More than a third of us regard out homes as our ticket to financial security in retirement, says research.
Lack of knowledge is firing people up to bet on property to boost their retirement savings when other investments could offer a better return.
A recent survey by financial think-tank The Wisdom Council asked more than 2,000 people where the money they are relying on for retirement will come from and 39% responded equity in their main home.
Home equity was the most popular response alongside cash.
But regulator the Financial Conduct Authority reckons only 3% of people opt for equity release.
Equity release dilemma
Downsizing is another way to access home equity but the dilemma is more than one generation have their eyes on freeing up the same cash to fund their retirements.
Children are hoping their parents will downsize to help them climb on the property ladder, but the parents want to downsize to release cash to help them pay for a comfortable retirement.
“Property might seem like a safe bet, but this attitude in the final stages of the property journey poses a severe risk to anyone relying on downsizing, regardless of their age,” says Dawn Hyams, head of investor insight at The Wisdom Council.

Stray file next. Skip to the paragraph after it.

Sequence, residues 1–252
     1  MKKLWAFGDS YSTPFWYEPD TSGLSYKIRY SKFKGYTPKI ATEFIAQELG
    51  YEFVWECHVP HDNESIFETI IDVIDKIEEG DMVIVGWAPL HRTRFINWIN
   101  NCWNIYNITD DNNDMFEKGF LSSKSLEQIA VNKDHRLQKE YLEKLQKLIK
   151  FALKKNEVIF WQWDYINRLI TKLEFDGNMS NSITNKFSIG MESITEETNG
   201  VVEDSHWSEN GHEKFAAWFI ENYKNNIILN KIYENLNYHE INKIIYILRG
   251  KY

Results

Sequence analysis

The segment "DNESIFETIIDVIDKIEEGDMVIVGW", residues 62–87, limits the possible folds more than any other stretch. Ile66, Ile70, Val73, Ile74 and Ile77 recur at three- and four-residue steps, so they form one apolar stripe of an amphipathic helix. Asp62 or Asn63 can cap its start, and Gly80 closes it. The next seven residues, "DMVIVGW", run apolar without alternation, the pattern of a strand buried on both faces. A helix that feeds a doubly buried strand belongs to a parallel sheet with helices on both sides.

“When push comes to shove, very few people are willing to give up the family home. Aside from the emotional attachment, they want their children and grandchildren to be able to stay, and see property as a future store of wealth.
“The only reason they can imagine giving it up is for health reasons, by which point it may be too late to enjoy any of the financial benefits.”
Risk and return
Property may seem a safe bet, Hyams explains, but people believe fear losing their money which stops them making good financial decisions.
“This reliance on property, and indeed cash, supports our belief that risk aversion is alive and kicking, with the value of taking higher risks for higher returns poorly understood among savers,” she says.
“For most, the fear of losing money outweighs the knowledge they should be taking more risk. They do not trust themselves to make decisions, and they do not believe asset managers or pension providers will deliver on their word – in fact, one in five said they had previously experienced losing money in high-risk investments.”